If you’re upset and offended with someone, and they don’t know that they have done anything wrong, it might be better if you don’t say anything to them. Don’t tell them about your offense and say, “Oh brother so-and-so, last week I hated your stinking guts because you did this terrible thing to me, but now that I told you about it I feel much better!” The goal, if you’re going to share the offense with them, is gaining back your brother or sister. Unity. Reconciliation. Healed relationship. In the context of this teaching on reconciliation in relationships, Jesus said, “For where two or three are gathered together in My name, I am there in the midst of them.” (Matthew 18:20). What a beautiful promise to those who walk in peace and unity!
In perhaps one of the best teachings I have ever read on the topic of relationships and dealing with offenses, John Bevere writes, “The whole reason Jesus instructed us to go to one another… is not for condemnation but for reconciliation. He does not want us to tell our brother how rotten he has been to us. We are to go to remove the breach preventing the restoration of our relationship.” (The Bait of Satan).[ii]
3. Do not talk to another person about the offense.
If you are hurt by someone and you share that offense with a third person, they may become angry at the person who originally offended you, even though you may have already prayed and forgiven the person. They’ve picked up your offense, and they’re still hanging on to it. This is the root of bitterness in operation, springing up and defiling many people.
I found a great acronym for the word “T.H.I.N.K.” that reminds us to think before we speak:
- T Is it True? Obviously we should never share anything about someone that isn’t true.
- H Is it Helpful? Will sharing this truth help or benefit the situation?
- I Is it Inspiring? Is this truth positive, encouraging, and will it impart God’s grace?
- N Is it Necessary? Do you need to share this? If not, then don’t!
- K Is it Kind? If it’s not kind then don’t say anything at all.
Back to the Story of Paul and John Mark:
I want to go back to the contention between Paul, Barnabas and John Mark, to let you know that their story had a happy ending. When Paul and Barnabas parted ways, Paul had said, “I don’t want to have anything to do with John Mark the deserter.” As Paul got older, he came to a place where he wrote:
“Aristarchus my fellow prisoner greets you, with Mark the cousin of Barnabas (about whom you received instructions: if he comes to you, welcome him)… These are my only fellow workers for the kingdom of God… they have proved to be a comfort to me.” (Colossians 4:10-11).
This letter was written during Paul’s first Roman imprisonment, around 61 AD. “John Mark… my fellow worker… has proved to be a comfort to me.” I’m glad that Paul and John Mark were able to work out their differences. Paul later wrote: “Get Mark and bring him with you, for he is useful to me for ministry.” (2 Timothy 4:11). This letter was written when Paul was in prison, near his death, about 66 AD, and his heart towards Mark had changed. Who did he want to have come and visit him in prison? John Mark.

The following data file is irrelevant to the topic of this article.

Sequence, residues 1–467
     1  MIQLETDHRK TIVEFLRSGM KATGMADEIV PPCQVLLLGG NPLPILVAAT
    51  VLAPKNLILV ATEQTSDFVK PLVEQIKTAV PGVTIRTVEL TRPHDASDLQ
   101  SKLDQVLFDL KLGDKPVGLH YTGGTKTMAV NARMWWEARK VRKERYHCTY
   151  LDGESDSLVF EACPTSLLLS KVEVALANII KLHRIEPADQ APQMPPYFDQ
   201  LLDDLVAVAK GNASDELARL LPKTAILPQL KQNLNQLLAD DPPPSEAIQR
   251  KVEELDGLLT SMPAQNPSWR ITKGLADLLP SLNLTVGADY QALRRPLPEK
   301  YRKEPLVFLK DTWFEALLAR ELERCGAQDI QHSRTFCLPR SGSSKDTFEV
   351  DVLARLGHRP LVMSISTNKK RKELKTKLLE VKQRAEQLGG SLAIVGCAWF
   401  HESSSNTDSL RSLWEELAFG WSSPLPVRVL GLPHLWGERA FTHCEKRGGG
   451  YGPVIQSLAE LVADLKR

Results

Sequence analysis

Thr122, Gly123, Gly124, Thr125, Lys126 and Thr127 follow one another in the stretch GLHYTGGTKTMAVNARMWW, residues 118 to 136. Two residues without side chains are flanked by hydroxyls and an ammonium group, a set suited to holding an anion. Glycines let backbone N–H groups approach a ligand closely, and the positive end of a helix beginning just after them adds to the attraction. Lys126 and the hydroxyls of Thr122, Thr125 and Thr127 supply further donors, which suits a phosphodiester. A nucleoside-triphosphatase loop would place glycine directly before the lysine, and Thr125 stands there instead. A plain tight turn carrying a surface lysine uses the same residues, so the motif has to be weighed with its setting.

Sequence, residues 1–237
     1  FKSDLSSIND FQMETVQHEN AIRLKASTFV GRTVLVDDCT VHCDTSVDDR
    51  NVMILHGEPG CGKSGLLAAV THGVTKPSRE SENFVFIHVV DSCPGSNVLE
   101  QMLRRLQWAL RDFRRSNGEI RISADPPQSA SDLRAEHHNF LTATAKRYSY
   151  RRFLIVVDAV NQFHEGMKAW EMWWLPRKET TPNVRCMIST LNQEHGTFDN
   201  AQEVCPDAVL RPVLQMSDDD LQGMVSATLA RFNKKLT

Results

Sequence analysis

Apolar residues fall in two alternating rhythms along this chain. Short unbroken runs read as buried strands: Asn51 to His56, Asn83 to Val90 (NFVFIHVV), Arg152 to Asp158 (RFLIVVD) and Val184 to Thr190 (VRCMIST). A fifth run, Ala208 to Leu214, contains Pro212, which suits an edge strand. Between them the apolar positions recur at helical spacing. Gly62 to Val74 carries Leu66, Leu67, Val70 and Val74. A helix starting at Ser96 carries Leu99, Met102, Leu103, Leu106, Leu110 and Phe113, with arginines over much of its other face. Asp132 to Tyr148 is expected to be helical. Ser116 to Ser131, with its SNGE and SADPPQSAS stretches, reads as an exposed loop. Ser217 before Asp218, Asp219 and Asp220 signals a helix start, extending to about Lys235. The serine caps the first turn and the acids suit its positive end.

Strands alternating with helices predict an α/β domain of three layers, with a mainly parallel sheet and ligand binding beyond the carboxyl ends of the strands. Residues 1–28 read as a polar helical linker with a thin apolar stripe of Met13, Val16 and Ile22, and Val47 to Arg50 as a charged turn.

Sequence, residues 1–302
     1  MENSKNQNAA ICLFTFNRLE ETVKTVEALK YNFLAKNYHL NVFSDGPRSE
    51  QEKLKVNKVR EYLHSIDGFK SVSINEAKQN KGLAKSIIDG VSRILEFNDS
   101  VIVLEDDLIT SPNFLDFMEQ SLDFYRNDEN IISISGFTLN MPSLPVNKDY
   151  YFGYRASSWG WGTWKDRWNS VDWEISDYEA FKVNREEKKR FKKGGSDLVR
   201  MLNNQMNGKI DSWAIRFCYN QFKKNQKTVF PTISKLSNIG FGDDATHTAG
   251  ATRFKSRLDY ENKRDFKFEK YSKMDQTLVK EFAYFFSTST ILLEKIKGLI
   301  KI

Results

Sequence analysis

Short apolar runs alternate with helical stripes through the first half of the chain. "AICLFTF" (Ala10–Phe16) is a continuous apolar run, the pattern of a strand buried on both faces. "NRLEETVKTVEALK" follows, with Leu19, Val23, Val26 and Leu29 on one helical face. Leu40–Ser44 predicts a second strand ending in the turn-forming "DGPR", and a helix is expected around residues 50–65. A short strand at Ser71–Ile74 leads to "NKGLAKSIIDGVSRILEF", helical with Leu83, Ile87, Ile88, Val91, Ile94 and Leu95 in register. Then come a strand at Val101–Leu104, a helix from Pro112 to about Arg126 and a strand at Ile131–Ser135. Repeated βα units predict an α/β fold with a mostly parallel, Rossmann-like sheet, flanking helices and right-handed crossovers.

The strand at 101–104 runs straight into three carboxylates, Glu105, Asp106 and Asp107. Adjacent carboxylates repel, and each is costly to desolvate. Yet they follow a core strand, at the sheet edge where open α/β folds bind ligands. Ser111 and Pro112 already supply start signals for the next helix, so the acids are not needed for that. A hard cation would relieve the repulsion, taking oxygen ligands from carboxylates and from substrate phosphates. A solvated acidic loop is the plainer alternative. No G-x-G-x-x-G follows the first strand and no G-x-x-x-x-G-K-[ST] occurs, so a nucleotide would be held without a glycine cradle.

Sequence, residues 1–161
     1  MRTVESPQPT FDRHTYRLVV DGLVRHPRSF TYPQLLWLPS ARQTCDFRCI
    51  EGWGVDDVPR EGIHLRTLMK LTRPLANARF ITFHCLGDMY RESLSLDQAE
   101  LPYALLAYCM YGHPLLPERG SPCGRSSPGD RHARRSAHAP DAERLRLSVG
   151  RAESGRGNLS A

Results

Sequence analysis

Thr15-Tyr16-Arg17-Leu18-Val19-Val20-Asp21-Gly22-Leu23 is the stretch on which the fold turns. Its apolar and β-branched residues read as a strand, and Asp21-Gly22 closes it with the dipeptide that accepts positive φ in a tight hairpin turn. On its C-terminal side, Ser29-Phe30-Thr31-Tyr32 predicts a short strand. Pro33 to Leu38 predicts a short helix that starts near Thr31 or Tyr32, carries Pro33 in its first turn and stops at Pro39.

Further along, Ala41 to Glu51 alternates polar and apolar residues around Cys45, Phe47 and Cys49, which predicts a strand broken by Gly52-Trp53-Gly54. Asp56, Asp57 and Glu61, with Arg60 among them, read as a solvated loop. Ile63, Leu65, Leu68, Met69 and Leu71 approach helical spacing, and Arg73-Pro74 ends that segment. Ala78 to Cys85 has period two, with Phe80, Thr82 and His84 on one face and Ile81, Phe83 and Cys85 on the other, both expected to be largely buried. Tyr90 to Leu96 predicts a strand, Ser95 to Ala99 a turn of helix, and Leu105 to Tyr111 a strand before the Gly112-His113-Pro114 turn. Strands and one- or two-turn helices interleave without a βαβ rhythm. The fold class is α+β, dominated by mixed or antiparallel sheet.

Isn’t that story encouraging? Maybe you have tensions, hurts or offenses in a relationship with someone, and you might feel like there is no hope. “But now in Christ Jesus you who once were far off have been brought near by the blood of Christ. For He Himself is our peace, who has made both one, and has broken down the middle wall of separation.” (Ephesians 2:13-14). Jesus didn’t die on the Cross just so we could have peace with God, He also came so we could have peace in our relationships with one another.
I want to challenge you to think about any relationship in your life that is strained right now. Maybe it’s a friend or a family member who you’re not even talking to. Maybe you’ve written them off and said, “No second chances for them.” I want to challenge your stance in that. “Now all things are of God, who has reconciled us to Himself through Jesus Christ, and has given us the ministry of reconciliation.” (2 Corinthians 5:20). God has called us to peace. Pray that the Lord would flood your heart with His love and forgiveness, so that you can have His heart for people. Those hurts and offenses may go back many years, but Jesus wants you to be whole and healthy. Restoration only comes when we have peace in our relationships with other people. Would you allow me to pray a prayer for you?
Lord Jesus, I am so thankful for the Cross. Your death made it possible for us to have peace in our relationships with people. We know that because love is such an important part of the Kingdom of God that the enemy will do whatever he can to keep us from loving others. Therefore, help us to guard our hearts against offense, and be able to see people the way you do. Help us to look at their hearts, and see them with eyes of love, grace, forgiveness and compassion. As we become healthy and whole people, we know that we will become the church you have called us to be, what Jerry Cook calls, “a center of love, designed for the healing of broken people, and a force for God.”
- Heal their broken hearts.
- Set them free from their captivity.
- Comfort them in their mourning.
- Give them beauty for ashes, and the oil of joy for mourning.
- Give them the garment of praise for the spirit of heaviness.
- In Jesus’ mighty name, amen.
[i] Richard Hoefler, Will Daylight Come?
[ii] John Bevere, The Bait of Satan. (Charisma House, 1994).